The International forest Monastery in Ubon Rachathani province, Northeast Thailand has an isolated branch situated within a large and remote National Park along the border of Myanmar. This branch is called "Dtow Darm" or Black Turtle. There are very few buildings in this special place. There are however tens of thousands of large trees that make up a fabulous old growth forest and a winding fresh water stream and several waterfalls. It is customary for many of the monks and novices to head off to this secluded place during the warmer months of February through to April, as the air under the trees remains pleasantly cool. The monks then live on small raised bamboo platforms within the jungle, sleeping and meditating under a thin nylon fly sheet to protect from summer showers and a mosquito net to protect from the mozzies and horse flies – bathing in the fresh water stream nearby. The sound of thousands of insects and hundreds of birds is a wonderful backdrop for finding the silence of the peaceful mind.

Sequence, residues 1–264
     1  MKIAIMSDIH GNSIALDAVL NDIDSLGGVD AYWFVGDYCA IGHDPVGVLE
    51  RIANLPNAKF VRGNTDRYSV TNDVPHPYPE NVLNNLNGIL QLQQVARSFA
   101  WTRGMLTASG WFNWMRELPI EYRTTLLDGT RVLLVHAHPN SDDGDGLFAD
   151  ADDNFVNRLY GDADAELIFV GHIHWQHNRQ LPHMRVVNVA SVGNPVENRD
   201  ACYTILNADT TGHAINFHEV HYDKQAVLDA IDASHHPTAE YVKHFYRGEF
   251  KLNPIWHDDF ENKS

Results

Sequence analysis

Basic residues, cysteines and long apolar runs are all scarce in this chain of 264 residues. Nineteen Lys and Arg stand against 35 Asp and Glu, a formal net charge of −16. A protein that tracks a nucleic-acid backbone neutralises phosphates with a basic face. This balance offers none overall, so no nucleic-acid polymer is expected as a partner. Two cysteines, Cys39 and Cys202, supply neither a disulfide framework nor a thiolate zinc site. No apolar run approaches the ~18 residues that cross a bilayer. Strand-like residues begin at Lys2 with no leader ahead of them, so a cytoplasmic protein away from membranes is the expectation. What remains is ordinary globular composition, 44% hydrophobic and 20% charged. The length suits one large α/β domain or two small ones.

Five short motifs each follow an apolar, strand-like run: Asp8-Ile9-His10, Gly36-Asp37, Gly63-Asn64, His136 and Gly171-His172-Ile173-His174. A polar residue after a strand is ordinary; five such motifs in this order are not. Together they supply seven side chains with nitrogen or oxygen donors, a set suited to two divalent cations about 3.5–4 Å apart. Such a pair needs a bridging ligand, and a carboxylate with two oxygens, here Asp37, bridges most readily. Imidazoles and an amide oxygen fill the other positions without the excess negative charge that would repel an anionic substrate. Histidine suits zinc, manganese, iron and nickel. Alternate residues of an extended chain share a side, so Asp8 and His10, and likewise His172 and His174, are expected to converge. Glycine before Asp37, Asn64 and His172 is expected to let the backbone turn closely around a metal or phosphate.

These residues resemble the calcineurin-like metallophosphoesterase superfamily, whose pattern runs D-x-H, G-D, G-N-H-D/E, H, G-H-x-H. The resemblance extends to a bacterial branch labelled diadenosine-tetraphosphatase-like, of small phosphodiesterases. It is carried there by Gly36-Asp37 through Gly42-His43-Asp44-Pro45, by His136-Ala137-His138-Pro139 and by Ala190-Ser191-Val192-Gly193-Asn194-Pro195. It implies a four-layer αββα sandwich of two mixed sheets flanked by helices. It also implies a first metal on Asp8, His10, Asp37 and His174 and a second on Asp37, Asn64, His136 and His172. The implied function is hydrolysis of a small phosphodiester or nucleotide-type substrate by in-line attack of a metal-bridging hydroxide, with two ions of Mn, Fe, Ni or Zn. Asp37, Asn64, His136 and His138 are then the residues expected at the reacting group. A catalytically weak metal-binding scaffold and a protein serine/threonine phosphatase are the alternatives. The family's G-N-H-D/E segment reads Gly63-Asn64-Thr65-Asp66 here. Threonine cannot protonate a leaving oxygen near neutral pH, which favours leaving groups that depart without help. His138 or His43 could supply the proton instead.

These retreat periods in this austere and minimalist setting are an important balancing component to the more regimented and ordered structure of the training monastery. The monks are able to have a lot more time for reflection and meditation, while living very close to nature. It is not uncommon for some fear to arise at times… of wild animals… of sickness or injury… of the darkness of night… and of being alone. It is an excellent situation for developing meditation and wisdom. Having been on retreat to this special place many times before myself, when the group of monks heading off for their retreat spent the night at Anandagiri - I was able to offer them some friendly advice based upon things that I had found helpful in my own experience.
Although this talk was given to a group of highly committed and well trained meditation monks, I am confident that some of the advice may be both interesting and useful to lay-practitioners as well. For when it comes to training the mind in concentration and in in developing wisdom, we must all engage in a similar journey – facing the darkness of the jungle (delusion) while training our mindfulness, wisdom and loving-kindness to be like a cool stream in the mind – nourishing the journey onwards.
I hope that some of the suggestions in this talk might be useful to you wherever you find yourself now.
Ajahn Achalo Bhikkhu
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